Juang people

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Total population
47,095 (2011)[1]
Regions with significant populations
Juang language
traditional beliefs, Sarnaism
Related ethnic groups
Munda, Ho, Santhal and other Mon-Khmer people

The Juang are an Austroasiatic ethnic group found mainly in the Gonsaika hills of Keonjhar district of Odisha. Some Juangs, however migrated to neighbouring plains of Dhenkanal district of Odisha during the Bhuiyan revolt in the late 19th century. The 2011 census showed their population to be around 50,000. The Juang language belongs to the Munda family of the Austroasiatic languages. They are classified as a Scheduled Tribe by the Indian government.[1]


The Juang claimed to have no traditions connecting them with any other ethnic group, and they repudiated all connection with the Hos or the Santals, declaring themselves the true aborigines. Their tradition claims that the place where the tribe originated from the earth are the Gonasika Hills, near Keonjhar, at the source of the Baitarani River.[2] They were initially hunter-gatherers and cultivated few crops. They did not till the land, but lived on the game they killed or on snakes and insects.[3] They were forced to stop following traditional customs after the British declared their forests as reserves.

After the British declared their forests as reserves, the Juangs were forced to look for an alternative way of sustainance. They were skilled at basket-weaving, which was in demand in nearby caste villages. The Juangs would exchange their baskets for salt, oil, food, money from the village traders.[4]


The Juang traditional huts measured about 6 by 8 ft., with very low doorways. The interior was divided into two compartments. In the first of these the father and all the females of a family lived together; the second was used as a storeroom. The boys had a separate hut at the entrance to the village, the Majang or dormitory which served as a guest-house and general assembly place where the musical instruments of the village were kept.[5] Their traditional folk dance included vigorous dances mimicking birds and other animals.[6]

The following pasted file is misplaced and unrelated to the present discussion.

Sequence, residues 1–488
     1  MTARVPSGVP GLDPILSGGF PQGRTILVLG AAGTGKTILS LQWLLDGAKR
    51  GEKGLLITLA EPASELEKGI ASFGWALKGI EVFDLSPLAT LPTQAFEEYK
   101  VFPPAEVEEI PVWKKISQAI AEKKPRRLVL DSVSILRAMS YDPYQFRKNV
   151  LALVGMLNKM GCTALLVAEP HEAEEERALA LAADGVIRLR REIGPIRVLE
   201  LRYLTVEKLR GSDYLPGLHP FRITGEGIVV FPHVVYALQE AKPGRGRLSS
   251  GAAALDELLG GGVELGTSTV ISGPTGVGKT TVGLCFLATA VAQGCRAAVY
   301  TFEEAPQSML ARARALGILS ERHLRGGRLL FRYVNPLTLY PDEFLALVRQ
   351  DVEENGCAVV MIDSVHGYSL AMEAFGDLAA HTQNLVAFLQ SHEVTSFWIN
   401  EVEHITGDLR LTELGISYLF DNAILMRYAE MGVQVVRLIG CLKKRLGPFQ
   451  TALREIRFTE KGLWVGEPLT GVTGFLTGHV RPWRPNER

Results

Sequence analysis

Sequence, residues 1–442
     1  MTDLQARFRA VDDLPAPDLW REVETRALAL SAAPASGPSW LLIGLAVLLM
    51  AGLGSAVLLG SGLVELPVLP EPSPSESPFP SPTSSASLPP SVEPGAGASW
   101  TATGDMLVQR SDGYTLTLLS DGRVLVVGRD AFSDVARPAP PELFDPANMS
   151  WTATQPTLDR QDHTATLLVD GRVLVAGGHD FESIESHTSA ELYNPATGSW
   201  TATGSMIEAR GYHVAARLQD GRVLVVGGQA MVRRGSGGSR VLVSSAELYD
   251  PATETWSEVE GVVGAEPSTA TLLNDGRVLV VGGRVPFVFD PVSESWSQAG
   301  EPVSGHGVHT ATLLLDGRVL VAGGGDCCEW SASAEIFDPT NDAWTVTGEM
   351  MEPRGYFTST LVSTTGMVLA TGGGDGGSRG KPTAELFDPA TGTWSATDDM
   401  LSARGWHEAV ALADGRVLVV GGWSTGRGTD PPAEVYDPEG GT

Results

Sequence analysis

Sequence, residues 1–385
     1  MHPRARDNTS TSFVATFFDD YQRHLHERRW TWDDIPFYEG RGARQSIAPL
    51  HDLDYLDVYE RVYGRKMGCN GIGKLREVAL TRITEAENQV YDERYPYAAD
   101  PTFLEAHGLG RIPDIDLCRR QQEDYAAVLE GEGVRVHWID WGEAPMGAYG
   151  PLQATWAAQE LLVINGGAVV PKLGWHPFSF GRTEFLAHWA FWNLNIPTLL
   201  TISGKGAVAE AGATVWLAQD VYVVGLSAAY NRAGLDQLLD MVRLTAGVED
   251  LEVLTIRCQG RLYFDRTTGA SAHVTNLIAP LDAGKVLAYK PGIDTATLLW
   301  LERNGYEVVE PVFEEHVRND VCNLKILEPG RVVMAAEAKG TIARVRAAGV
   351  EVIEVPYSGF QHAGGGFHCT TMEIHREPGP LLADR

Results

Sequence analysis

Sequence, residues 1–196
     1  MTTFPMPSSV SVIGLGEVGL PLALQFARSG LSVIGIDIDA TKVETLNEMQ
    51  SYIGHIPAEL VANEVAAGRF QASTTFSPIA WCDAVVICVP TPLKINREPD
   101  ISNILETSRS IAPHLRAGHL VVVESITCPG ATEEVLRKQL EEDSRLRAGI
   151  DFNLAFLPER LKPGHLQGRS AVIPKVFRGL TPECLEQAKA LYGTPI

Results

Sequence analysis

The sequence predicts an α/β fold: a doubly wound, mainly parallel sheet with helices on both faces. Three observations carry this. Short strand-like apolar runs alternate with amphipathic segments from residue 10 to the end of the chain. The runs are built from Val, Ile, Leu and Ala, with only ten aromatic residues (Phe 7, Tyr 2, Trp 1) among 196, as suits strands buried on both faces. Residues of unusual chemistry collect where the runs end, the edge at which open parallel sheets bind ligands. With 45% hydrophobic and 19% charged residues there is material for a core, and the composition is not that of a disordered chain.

Formerly the Juang used to be also known as Patuas, literally "leaf-wearers". Traditionally the women wore girdles of leaves,[7][8] while the men wore a small loincloth. The Juangs declare that the river goddess, emerging for the first time from the Gonasika rock, surprised a party of naked Juangs dancing, and ordered them to wear leaves, with the threat that they should die if they ever gave up the custom. The Juangs' weapons were the bow and arrow and a sling made entirely of cord.[5]

Their traditional religion included a belief in forest spirits. They offered sacrifices of fowls to the sun when in trouble and to the earth for a bountiful harvest. Polygamy was rare. They burned their dead and disposed of the ashes into any running stream. The most sacred oaths a Juang could take are those on an ant-hill or a tiger-skin.[5]


  1. ^ a b "Census of India Website : Office of the Registrar General & Census Commissioner, India". www.censusindia.gov.in. Government of India. Retrieved 23 October 2017.
  2. ^ Gonasika Hill, near Keonjhar, origin of River Baitarani
  3. ^ Chisholm 1911.
  4. ^ Naveen, Patnaik; Choudhury, B.P.; Seeland, K.; Rath, A.; Biswal, A.K.; Giri, D.B. (2007). Forest tribes of Orissa : lifestyle and social conditions of selected Orissan tribes. New Delhi: D.K. Printworld. ISBN 9788124604151. OCLC 49332310.
  5. ^ a b c Public Domain One or more of the preceding sentences incorporates text from a publication now in the public domainChisholm, Hugh, ed. (1911). "Juangs". Encyclopædia Britannica. 15 (11th ed.). Cambridge University Press. p. 529. This cites Dalton, Edward (1872). Descriptive Ethnology of Bengal. London: British Library..
  6. ^ "Juang | people". Encyclopedia Britannica. Retrieved 2017-10-23.
  7. ^ Colonel Edward Tuite Dalton - Lithographs & Plates - Juang girls
  8. ^ Dalton, Edward Tuite. "Lithographs and Plates - Juang girls". University of Swansea. Retrieved 2017-10-23.